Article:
Historic Colony Barn is seen in the background. (Photo courtesy Musk Ox Farm.)
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A therapeutic court for Mat-Su families in crisis, a new roof for a Fairbanks homeless shelter and a portable health clinic for the eroding Northwest Alaska village of Kivalina were among 16 projects recently approved by the Rasmuson Foundation Board of Directors.

In all, $11.4 million in grant awards received the go-ahead from the Board at its June 27 meeting in Anchorage, Rasmuson Foundation announced today. The Board must approve grants over $25,000, which it does at meetings each November and June.

Michael Ulroan of Chevak is seen conducting field surveys of fur seals on St. Paul Island during a 2010 ANSEP summer internship. Michael now serves as director of the ANSEP Acceleration Academy in the Mat-Su. (Photo by Chris Arend)

The biggest single award, $5 million, represents a multi-year commitment to the next phase of the Alaska Native Science & Engineering Program, which the Foundation has invested in since 2002. ANSEP offers a variety of supports to prepare students in middle school on up for college, and to help those in college succeed. The grant to the University of Alaska Foundation will help ANSEP establish what it calls an Acceleration Academy for high school students in Anchorage, similar to one already making a difference in the Matanuska-Susitna Borough.

Alexandra McKay, the Foundation’s vice president of programs, said the June awards reflect Alaskans’ generosity, creativity and innovation.

“Reflections of the Seasons” is an oil painting by Danielle Larsen purchased by Alutiiq Museum through a Rasmuson Foundation grant to Museums Alaska for art acquisition. (Courtesy of Alutiiq Museum)

“These grants show the ways — large and small — that Alaskans find solutions to problems, whether it is building a portable clinic for a community like Kivalina that needs to be relocated or an organization like ANSEP that is creating pathways for students from middle school to college,” McKay said.

Other significant awards were designated for partners Museums Alaska ($1,298,000 over three years) and the Alaska State Council on the Arts ($1,340,000 over four years) to continue vital work in the arts. Museums Alaska will use its grant to help local museums acquire art and manage their collections. The state council provides grants to local organizations for arts in education, arts touring and youth cultural heritage programs.

The Northwest Arctic village of Kivalina is seen from the air. It is on the top of a barrier reef between the Chukchi Sea and the Kivalina River. (Photo courtesy of Maniilaq Association)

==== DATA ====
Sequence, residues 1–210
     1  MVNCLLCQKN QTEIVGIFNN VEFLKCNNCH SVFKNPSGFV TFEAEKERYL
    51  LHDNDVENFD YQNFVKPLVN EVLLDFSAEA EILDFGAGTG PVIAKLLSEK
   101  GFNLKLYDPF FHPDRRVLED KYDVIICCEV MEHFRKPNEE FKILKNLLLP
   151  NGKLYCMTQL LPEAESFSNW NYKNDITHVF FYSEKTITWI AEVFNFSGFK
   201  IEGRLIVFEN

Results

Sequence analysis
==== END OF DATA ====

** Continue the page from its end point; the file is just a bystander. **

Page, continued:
In Kivalina, the Foundation is awarding Maniilaq Association $150,000 for a nearly $1 million project to expand and improve the existing health clinic, configured back in 2006 from two repurposed Conex containers. The Northwest Arctic region village is threatened by climate-related erosion. Little money has been invested in recent years to improve basic structures in a community with a designated new site on higher ground. Yet Kivalina is still home to about 500 people. The clinic is getting a sorely needed redo that will add space for a trauma room, exam room and the village’s first dental clinic. The expanded clinic can move inland when Kivalina does.

The old clinic in Kivalina is being expanded and remodeled. (Photo courtesy of Maniilaq Association.)

“This is huge for the kids and the community,” said Augustas Kirkland, Maniilaq Association dental program manager. Children are suffering from toothaches and decay for lack of a permanent clinic for care, he said. “This expansion is key to the success of what we do in this village.”

The new grant awards dot the state. In Southeast Alaska, an award of up to $330,000 will help the Sitka Sound Science Center rehabilitate and modernize its historic Sitka Sawmill Building, built in 1934. The project will add plumbing, restrooms and central heat; stabilize the foundation; and create a new exterior envelop with reclaimed or replicated materials. The building has transformed over the years from vocational training center to salmon hatchery to its current use as a multi-purpose science, education and art building that includes a summer gift shop.

In Fairbanks, a $92,000 grant will help pay for a new roof at the Fairbanks Rescue Mission, the only emergency shelter for men, women and children in Interior Alaska. The building itself was vulnerable to damage because of the deteriorated roof.

In Palmer, Mat-Su Health Foundation is receiving $375,000 over three years to help create the Families with Infants and Toddlers Court. This therapeutic court will serve families and children up to age 3 who have been removed from their parents due to allegations of abuse and neglect.

A musk calf and its mother are seen at the Musk Ox Farm in Palmer. (Photo courtesy of the Musk Ox Farm.)

And the nonprofit that runs the Musk Ox Farm in Palmer is receiving $350,000 to renovate the historic Colony Barn. Mark Austin, Musk Ox Development Corp. executive director, said an “exciting new era for the farm is charging towards the finish line. Once completed this building will allow for the organization to reach wonderful new heights in programming and community outreach.”

Go here for snapshots of all the awards:

Rasmuson Foundation June 2018 grant list